For the last two weeks, I have been walking around looking at all these amazing, colourful eggs in the shop windows. I have never seen so many chocolate eggs before in my life! The bakeries and supermarkets are stuffed with them, one egg bigger than the other, and it made me wonder what Easter means to the Argentineans and how they celebrate it. Eating a lot of chocolate eggs must be one of them for sure... but what else? So because of these unanswered questions in my head, I did a bit of research about the traditions and celebrations of Easter in Argentina, and this is what I found.
In Argentina, Semana Santa (Holy Week) is one —if not the most— significant festivities, because about 85 % of the population follow Roman Catholicism as their religion and celebrates all the Christian festivals. But for many people Semana Santa is also a good excuse to spend time with the family or to go on a small holiday. In general this week is full of traditions and celebrations whether you’re religious or not. In many South American countries there are parades going on each day during Semana Santa. In Argentina they celebrate Carnival, where people gather in the streets to dance together and sing folksongs (as they do in many other occasions as well). When the celebration comes to a close, they burry a rag doll representing the spirit of Carnival as a symbol of the end.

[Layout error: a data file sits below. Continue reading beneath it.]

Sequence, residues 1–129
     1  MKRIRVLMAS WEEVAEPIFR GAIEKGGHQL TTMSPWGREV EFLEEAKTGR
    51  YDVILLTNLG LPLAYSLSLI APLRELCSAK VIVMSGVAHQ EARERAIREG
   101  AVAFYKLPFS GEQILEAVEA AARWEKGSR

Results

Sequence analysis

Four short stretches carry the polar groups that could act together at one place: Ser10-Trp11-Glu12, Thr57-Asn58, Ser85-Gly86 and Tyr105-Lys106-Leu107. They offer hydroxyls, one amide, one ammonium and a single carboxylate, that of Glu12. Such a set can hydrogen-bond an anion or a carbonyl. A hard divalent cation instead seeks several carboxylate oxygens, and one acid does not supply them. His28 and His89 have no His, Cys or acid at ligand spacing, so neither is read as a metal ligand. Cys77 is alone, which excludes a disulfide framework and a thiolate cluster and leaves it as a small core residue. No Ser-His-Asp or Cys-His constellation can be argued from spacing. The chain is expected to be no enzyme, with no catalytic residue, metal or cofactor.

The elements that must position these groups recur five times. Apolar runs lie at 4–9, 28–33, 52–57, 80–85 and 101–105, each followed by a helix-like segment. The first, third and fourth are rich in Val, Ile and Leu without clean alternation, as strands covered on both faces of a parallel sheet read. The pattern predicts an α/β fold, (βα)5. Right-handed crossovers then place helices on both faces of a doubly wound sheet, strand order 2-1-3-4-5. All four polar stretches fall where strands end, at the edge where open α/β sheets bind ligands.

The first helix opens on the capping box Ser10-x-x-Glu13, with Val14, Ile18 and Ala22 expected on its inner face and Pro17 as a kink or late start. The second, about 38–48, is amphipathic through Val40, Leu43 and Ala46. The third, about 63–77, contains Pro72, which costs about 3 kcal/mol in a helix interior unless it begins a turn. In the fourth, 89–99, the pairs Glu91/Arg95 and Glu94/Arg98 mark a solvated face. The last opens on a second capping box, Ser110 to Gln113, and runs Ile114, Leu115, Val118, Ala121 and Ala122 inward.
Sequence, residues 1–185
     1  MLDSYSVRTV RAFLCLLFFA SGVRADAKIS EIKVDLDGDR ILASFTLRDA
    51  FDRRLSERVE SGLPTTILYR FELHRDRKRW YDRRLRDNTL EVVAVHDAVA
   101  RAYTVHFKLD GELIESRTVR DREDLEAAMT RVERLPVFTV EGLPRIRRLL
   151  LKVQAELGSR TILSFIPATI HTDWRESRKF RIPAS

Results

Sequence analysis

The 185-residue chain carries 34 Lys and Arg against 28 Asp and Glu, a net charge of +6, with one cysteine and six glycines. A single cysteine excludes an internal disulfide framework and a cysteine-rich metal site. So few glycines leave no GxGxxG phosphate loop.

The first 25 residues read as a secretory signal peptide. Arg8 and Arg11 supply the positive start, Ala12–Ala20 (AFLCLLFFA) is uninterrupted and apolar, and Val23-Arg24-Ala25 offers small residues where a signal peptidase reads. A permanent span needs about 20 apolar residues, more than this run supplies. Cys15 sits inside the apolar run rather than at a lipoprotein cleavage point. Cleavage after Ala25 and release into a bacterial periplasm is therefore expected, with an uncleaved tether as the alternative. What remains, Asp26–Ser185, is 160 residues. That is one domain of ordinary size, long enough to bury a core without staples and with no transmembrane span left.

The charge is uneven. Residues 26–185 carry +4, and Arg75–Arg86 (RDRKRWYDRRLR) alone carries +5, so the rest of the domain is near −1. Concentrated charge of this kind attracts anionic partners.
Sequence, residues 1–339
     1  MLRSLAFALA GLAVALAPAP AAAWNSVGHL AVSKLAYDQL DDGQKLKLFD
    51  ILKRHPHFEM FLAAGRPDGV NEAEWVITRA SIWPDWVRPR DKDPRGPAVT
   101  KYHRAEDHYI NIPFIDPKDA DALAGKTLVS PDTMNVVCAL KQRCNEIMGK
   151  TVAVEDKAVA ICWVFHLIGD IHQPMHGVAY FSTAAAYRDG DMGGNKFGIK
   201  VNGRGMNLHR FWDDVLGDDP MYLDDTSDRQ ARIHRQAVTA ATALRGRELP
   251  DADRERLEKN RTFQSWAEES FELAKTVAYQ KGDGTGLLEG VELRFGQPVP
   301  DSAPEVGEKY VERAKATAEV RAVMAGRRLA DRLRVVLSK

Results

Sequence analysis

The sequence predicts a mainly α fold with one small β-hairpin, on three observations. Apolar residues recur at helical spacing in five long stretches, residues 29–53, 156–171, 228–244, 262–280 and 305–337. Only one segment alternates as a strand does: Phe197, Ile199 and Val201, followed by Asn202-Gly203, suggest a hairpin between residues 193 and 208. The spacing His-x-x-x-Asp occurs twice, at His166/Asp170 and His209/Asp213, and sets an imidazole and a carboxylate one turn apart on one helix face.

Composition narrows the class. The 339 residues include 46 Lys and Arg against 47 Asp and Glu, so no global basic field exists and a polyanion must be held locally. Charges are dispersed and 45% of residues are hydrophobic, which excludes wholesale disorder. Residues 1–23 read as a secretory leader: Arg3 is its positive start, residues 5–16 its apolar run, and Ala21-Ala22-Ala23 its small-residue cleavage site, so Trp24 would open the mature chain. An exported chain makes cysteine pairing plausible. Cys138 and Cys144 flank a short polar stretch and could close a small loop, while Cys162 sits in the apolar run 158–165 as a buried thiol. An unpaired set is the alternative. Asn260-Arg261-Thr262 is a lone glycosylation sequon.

Between the different Easter traditions in Argentina the ones from the northern part stands a bit out from the rest. This is mostly in the regions of Salta and Tucumán where you’ll find most Spanish traditions. In Salta, for example, they commemorate Jesus with an intense Via Crucis, that is, the depiction of the final hours of Jesus, torchlight processions, blessings and special masses.
The Via Crucis is also what makes the city of Tandil famous. It ends at Monte Calvario, a small hillock topped by a giant cross to the east of the town centre. In this city, thousands of the faithful can relive and recreate the passion of the Christ along the Via Crucis, with its fourteen stations. Besides the religious part of Semana Santa it would seem to be one of the favourite occasions for families and friends as they gather to celebrate Easter feast delicacies. Once the Easter meal is done, people give “huevos de Pascua” (chocolate eggs) to one another. This could perhaps be one of the days/weeks where the Argentinean people eat most chocolate when you think about all the eggs in the supermarkets.
For me, this part is also what I think Easter is about. Spending time with my family, having a fantastic feast and afterwards go on a chocolate egg hunt with my nieces and nephews, eating all the chocolate eggs we can. But why do we do this? It turns out that the three days celebration of Easter is called ‘The Triduum'. This is one big celebration, remembering the last supper, the crucifixion and the death of Jesus, and the Resurrection to new life. Easter marks the end of “Lent” —a forty-day period of fasting, prayer, and penance—. During the last week of Lent (Semana Santa, in Argentina) we have Palm Sunday, which is one week before Easter Sunday. Palm Sunday is the day where Jesus rode into the city of Jerusalem. Good Friday is five days after Palm Sunday and the sad day for the Christian believers. This is the day where they commemorate the crucifixion and death of Jesus. Easter Sunday is a day for rejoicing. It’s the day where they celebrate the resurrection of Jesus.